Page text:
Accounting for Extended Warranty Contracts

Article excerpt

ISSUE NO. 89-17

Say you're buying a camcorder at Hazy Freddie for $500. As the clerk rings up the sale, he offers you the option to buy a two-year service contract for $50. He says this is a special offer only for those who buy a camcorder from Hazy Freddie and it extends the original manufacturer's warranty on the camcorder. He promises Hazy Freddie will clean and inspect the camcorder once a year. And if repair is needed, he says the cost of parts and labor will be covered by the retailer during the two-year period.

The salesperson's offer appeals to you. You decide to purchase the extended warranty contract although it's noncancelable unless you return the camcorder. Exhibit 1 on page 102 summarizes the transaction.

Accounting issue. How does Hazy Freddie account for the revenue and cost of the warranty contract? Is immediate revenue recognition appropriate or should all or part of the income and related cost be deferred?

The task force considered three alternatives:

* Full recognition.

* Full deferral.

* Partial recognition.

Under the full recognition method, Hazy Freddie would recognize at the date of sale total revenue of $550 and a total cost of $460, yielding a profit of $90. If his actual cost under the service contract either exceeds or falls short of the $10 estimate, an adjustment will be made on his books.

Those who favor this approach point to FASB Statement no. 5, Accounting for Contingencies, for support of their position. Statement no. 5 requires a loss contingency to be accrued if it's probable a liability was incurred and the amount is reasonably estimable. They believe a liability under the service contract is both probable and reasonably estimable at the point of sale and should be accrued at that time. To properly match revenue and expense, contract revenue also should be recognized at the time of sale.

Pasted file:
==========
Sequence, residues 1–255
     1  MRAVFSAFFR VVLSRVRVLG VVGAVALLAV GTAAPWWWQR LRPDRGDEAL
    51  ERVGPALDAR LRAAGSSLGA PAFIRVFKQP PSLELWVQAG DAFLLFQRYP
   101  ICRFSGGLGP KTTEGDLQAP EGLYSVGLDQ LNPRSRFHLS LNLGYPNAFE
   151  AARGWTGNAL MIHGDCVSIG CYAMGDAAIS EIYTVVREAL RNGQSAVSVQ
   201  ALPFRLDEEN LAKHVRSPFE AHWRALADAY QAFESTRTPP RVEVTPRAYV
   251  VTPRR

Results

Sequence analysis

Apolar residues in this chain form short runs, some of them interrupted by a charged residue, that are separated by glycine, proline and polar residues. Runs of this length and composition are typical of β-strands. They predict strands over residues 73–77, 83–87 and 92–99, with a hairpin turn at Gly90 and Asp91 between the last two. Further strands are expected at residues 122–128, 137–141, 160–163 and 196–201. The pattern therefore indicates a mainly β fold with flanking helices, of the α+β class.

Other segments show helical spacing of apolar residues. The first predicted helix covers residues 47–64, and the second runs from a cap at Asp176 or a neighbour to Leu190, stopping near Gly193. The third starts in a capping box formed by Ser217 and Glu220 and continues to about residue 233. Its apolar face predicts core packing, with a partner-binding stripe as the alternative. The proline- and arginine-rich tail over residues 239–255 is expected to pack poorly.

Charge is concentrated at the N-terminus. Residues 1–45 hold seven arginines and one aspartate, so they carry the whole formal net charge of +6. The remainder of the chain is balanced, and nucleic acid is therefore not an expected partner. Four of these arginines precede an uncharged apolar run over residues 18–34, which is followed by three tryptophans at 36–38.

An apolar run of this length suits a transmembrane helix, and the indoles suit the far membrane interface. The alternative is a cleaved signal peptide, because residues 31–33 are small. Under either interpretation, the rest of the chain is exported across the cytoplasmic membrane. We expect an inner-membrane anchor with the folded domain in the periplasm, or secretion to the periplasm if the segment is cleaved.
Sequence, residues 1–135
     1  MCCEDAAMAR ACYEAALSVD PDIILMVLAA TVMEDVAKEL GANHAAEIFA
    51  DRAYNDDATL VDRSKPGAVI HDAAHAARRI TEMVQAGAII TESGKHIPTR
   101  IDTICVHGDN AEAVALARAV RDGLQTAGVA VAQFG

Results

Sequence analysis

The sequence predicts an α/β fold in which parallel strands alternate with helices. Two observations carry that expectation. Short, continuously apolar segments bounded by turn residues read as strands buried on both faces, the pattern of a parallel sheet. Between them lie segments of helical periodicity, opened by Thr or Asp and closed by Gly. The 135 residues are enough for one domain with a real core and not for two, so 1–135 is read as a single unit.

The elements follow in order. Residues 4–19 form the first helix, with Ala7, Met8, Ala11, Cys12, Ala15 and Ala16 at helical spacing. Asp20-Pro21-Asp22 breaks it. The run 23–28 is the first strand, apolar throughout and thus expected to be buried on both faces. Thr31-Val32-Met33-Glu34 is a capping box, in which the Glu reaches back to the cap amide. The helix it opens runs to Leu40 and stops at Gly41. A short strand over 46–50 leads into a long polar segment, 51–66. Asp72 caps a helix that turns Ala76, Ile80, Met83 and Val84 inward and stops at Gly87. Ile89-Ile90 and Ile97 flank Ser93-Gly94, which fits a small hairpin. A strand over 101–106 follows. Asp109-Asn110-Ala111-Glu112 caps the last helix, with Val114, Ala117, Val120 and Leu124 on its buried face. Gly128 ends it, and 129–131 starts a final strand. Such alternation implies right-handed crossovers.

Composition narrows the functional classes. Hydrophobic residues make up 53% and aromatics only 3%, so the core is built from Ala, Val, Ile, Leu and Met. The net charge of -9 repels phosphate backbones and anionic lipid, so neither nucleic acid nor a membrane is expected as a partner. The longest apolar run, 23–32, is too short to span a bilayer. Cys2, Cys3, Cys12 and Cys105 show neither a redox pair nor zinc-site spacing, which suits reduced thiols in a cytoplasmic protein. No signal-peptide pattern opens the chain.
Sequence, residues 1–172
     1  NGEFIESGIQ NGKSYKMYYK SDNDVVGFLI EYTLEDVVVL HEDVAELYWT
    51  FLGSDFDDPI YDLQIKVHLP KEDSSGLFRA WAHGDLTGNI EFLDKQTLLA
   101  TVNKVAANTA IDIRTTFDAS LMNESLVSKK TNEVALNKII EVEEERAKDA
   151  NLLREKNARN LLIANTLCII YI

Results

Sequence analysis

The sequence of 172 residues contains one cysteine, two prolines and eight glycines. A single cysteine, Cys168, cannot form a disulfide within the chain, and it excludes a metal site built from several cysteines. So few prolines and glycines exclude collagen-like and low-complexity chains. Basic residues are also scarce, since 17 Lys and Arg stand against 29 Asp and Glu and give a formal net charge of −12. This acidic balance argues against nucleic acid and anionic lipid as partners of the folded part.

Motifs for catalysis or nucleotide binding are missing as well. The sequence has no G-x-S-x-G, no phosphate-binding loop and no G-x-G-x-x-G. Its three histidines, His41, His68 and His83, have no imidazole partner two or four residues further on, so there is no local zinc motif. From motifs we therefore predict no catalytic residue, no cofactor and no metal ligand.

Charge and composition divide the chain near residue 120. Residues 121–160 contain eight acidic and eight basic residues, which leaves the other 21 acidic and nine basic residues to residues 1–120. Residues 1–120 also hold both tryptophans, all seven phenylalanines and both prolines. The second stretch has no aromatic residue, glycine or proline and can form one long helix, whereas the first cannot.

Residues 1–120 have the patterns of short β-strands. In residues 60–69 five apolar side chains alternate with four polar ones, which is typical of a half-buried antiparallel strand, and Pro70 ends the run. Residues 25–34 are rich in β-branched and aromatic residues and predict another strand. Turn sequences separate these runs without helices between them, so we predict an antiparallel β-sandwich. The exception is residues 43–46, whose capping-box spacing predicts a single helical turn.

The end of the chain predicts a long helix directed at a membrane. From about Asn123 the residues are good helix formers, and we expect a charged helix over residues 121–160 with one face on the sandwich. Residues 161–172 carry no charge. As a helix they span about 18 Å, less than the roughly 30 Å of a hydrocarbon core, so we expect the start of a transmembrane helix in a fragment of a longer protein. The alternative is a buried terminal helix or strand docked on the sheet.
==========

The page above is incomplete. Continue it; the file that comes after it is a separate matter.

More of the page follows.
Others disagree that contract revenue and cost should be recognized at point of sale. They think none of the contract services has been rendered at that time. In their view, Hazy Freddie should recognize profit of only $50 for the sale; the $50 contract revenue is earned over the contract period and should be recognized over that period (full deferral method). Costs under the contract, however, should be recognized immediately.

Proponents of the full deferral approach view the sale of the camcorder and the sale of the extended warranty contract as two distinct transactions because customers have the option to buy the camcorder without the service contract. Therefore, while profit on the camcorder may be booked immediately, in their view, revenue on the service contract should be recognized over the service period.

Supporters of the third approach (partial recognition method) would recognize a portion of the combined revenue at the time of sale, based on the relative costs of the product and service contracts. Employing this method would result in booking revenue of $538 at the time of sale; the remaining $12 would be deferred and recognized over the contract period. (See exhibit 2 at right for the calculation.)

Under this method, profit of $88 ($538 revenue less $450 cost) would be recognized at the time of sale. Costs under the contract would be recognized as incurred during the contract period.

Opponents of the partial recognition method argue it would permit retailers to recognize almost as much profit at the time of sale as the full revenue recognition method. …